4 Hot Markets That Are Beating the Dow in 2014

International stock markets are worth a closer look.

Jun 2, 2014 at 7:03PM

The Dow Jones Industrials (DJINDICES:^DJI) finished Monday with a modest gain, setting a new record high for the sixth time this year. But even with the Dow at unprecedented levels, the average still stands just 1% above where it started the year. By contrast, several foreign markets sport double-digit percentage gains -- and some of them will surprise you. Let's look at four markets that are dramatically outperforming the Dow Jones Industrials in 2014.


Indian Prime Minister Narendra Modi.

1. India
The Indian stock market is up 16% this year, beating the Dow by a wide margin. Moreover, when you consider that the Indian rupee has risen in value against the U.S. dollar, it improves the total return for U.S. investors to 22%. The primary reason for the upsurge: excitement about new Prime Minister Narendra Modi and his pro-business policies. Investors in India have high hopes that after dealing with the growing pains of rising prices and other economic burdens, Modi will help initiate infrastructure projects that could improve business conditions throughout the subcontinent. Moreover, if Modi can attract greater foreign investment into India, it could accelerate already impressive growth trends and reward investors accordingly.

2. Argentina
The Argentine stock market is up 42% in local-currency terms so far in 2014, although the relative devaluation of its currency against the U.S. dollar has limited gains for U.S. investors to just 15%. Still, having doubled in local-currency terms in 2013, Argentina has kept up its positive momentum after a relatively poor performance in 2012. Argentina hasn't been as successful as India at keeping its economy in position for a turnaround, with inflation still running high and concerns among its people about the government's inability to bolster economic growth. Still, Argentina has worked hard to regain access to the sovereign debt markets, and success on that score could point to better times ahead for the South American nation.

3. Turkey
Turkey's stock market has risen 15% in 2014, giving U.S. investors in iShares MSCI Turkey (NYSEMKT:TUR) a gain of almost 18% in dollar terms and far outpacing the Dow Jones Industrials. That follows a plunge late last year, as concerns about the geopolitical situation in the country and the surrounding region held back foreign investment. Yet as the situation in Turkey has stabilized, foreign investors have jumped back into the nation's stock market, with more than $1.3 billion coming into the stock exchange from foreign sources between February and April. The episode shows the turnaround potential of emerging markets as a long-neglected segment of the market, although the Turkish central bank's rate cut last week demonstrates the tug-of-war between the central bank and the Turkish government over the best policies to fight inflationary pressure.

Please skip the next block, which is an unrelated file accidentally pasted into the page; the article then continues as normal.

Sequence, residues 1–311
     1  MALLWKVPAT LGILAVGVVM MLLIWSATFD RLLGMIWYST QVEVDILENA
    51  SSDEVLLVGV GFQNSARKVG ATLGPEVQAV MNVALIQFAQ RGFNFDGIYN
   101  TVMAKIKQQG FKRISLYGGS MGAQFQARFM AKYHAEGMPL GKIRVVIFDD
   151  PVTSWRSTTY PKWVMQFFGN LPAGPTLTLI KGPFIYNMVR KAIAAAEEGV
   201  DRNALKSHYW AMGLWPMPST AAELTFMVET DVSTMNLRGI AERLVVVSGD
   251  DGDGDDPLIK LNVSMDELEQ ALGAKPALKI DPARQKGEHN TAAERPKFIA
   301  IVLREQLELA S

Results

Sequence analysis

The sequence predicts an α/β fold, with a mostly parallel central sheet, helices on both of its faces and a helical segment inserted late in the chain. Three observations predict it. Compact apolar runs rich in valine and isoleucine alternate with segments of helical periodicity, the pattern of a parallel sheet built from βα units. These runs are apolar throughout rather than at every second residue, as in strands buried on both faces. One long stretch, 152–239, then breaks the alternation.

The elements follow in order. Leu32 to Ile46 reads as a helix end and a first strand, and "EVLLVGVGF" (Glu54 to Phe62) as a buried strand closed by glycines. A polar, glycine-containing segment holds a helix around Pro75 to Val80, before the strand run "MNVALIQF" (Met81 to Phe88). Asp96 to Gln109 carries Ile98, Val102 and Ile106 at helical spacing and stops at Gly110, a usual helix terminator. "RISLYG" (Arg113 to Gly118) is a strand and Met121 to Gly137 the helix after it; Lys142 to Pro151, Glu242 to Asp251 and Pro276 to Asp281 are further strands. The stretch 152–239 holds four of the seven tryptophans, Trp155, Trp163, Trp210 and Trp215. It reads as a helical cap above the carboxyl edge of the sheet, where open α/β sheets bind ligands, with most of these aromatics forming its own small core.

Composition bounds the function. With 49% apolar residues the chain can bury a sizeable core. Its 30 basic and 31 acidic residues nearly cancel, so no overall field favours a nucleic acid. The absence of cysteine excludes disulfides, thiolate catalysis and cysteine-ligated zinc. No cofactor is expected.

4. Italy
Some developed markets have also outperformed the Dow Jones Industrials. Italy's market is up 14%, and even the euro's weakness has given U.S. investors in iShares MSCI Italy (NYSEMKT:EWI) a 12% gain. Europe has made progress toward emerging from recession, and Italy has recovered more than some of its economically healthier peers because of the close brush with sovereign-debt issues that cut confidence in the Mediterranean nation's stock market substantially. As long as the government can keep debt under control, Italy could keep outperforming the Dow.

The Dow Jones Industrials are an important measure of the stock market, but they're not the only one. Looking at international markets can give you valuable opportunities that most investors miss.

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A Financial Plan on an Index Card

Keeping it simple.

Aug 7, 2015 at 11:26AM

Two years ago, University of Chicago professor Harold Pollack wrote his entire financial plan on an index card.

It blew up. People loved the idea. Financial advice is often intentionally complicated. Obscurity lets advisors charge higher fees. But the most important parts are painfully simple. Here's how Pollack put it:

The card came out of chat I had regarding what I view as the financial industry's basic dilemma: The best investment advice fits on an index card. A commenter asked for the actual index card. Although I was originally speaking in metaphor, I grabbed a pen and one of my daughter's note cards, scribbled this out in maybe three minutes, snapped a picture with my iPhone, and the rest was history.

More advisors and investors caught onto the idea and started writing their own financial plans on a single index card.

I love the exercise, because it makes you think about what's important and forces you to be succinct.

So, here's my index-card financial plan:


Everything else is details. 

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